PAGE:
Theme Two: Turning Toward God

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Then the just will ask him: “Lord when did we see you hungry and feed you or see you thirsty and give you drink? When did we welcome you away from home or clothe you in your nakedness? When did we visit you when you were ill or in prison?” The King will answer them: “I assure you, as often as you did it for one of my least brothers, you did it for me.”

[Matthew 25, 37-40]

Which person who has some experience of spiritual matters would desire that an angel come from heaven in order to make known God’s will, when it is possible to know it by following the ordinary way?… God does not have to give an account to anybody of His actions. If His Majesty wants to use an ordinary, simple and uneducated person – yea, a sinner; if God wants to make this person turn toward Him in view of a special work; if God does not take the direction which people think He usually follows. In all this His Majesty is completely free and nobody is entitled to disapprove God’s actions, let alone oppose them.

-T. J. Ryken


To rediscover our true place is to come to more fully realize that we are the beloved of God, but we are not God. From this perspective we understand that we are not masters of our world but servants of God’s world. We are not to spend our lives, as the builders of the Tower of Babel, in service of our own fantasies (including our spiritual fantasies) but rather in service of Reality.  Thus, to turn toward God is to turn away from the fantastic and the extraordinary and to embrace the “reality principle,” to embrace the world as it actually is and to offer ourselves in service to its call. As Noel Dermot O’Donoghue states: “The human being is of her very nature open to reality not only as cognitive of reality but as responsive to it.” In Matthew 25 we see that “the just” served the Lord without recognizing him, but only recognizing the appeal for their response in the hungry, thirsty, homeless, naked, ill, and imprisoned. The present moment is always making an appeal to our unique life call. When we live from our own true place, we are in a position to turn our minds and our hearts to the world that appeals for God’s love and presence as it can only uniquely be manifested by ourselves in this actual circumstance. “In all this His Majesty is completely free and nobody is entitled to disapprove God’s actions, let alone oppose them.”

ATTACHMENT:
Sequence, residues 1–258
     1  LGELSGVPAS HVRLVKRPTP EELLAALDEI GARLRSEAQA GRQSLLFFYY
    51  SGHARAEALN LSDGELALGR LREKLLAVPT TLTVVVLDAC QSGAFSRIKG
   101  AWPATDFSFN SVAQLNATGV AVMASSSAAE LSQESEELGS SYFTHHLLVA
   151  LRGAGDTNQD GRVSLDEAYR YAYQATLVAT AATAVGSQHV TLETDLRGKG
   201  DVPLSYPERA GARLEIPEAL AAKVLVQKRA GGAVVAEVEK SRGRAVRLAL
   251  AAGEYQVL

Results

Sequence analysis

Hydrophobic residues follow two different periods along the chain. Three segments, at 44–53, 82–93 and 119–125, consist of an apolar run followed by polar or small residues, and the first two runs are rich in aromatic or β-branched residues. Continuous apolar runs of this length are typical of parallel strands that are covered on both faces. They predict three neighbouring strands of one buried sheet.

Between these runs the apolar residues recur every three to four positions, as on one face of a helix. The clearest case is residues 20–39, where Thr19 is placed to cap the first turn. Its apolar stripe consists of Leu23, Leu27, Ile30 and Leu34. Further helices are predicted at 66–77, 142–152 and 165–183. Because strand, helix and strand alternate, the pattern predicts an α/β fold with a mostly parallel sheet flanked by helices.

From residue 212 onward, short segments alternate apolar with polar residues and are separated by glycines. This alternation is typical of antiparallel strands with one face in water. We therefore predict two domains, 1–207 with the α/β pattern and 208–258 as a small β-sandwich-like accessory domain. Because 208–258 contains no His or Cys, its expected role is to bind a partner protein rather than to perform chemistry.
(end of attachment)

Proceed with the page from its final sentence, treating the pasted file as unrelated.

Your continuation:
The choice presented to us is that of being present and open to the real world in each moment or of being closed to it.  The contemplative stance in the world is one that is directed not toward ourselves and our illusory identity but toward the truth of what is before us. As John Dunne, CSC states:  “If one could only step into oneself and be oneself (be put in one’s place), then the self would disappear from in front of one and the world would open up; one would pass from the introspective life into the contemplative life.”

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WP Second Sunday

“Your presence, O LORD, I seek. Hide not your face from me.” Our Sunday reflection has been prepared by Mary Driscoll of Malden Catholic.

Find it here:



WP 022813 Bertin

Each Tuesday we share a Xaverian Brother’s story on Living the Charism. This upcoming week (Feb. 26) we remember Bertin Manning, C.F.X. “Bertin was also a man who suffered. His physical sufferings extended over most of his adult life, and he dealt with them as he dealt with everything else: quietly, without complaint or self-pity.”




On Thursday, we’ll post a short video with Brother Dominique Olando. He talks about the difficulty of turning toward God in a world that is filled with suffering. Each Thursday we’ll post a video related to our weekly Theme.








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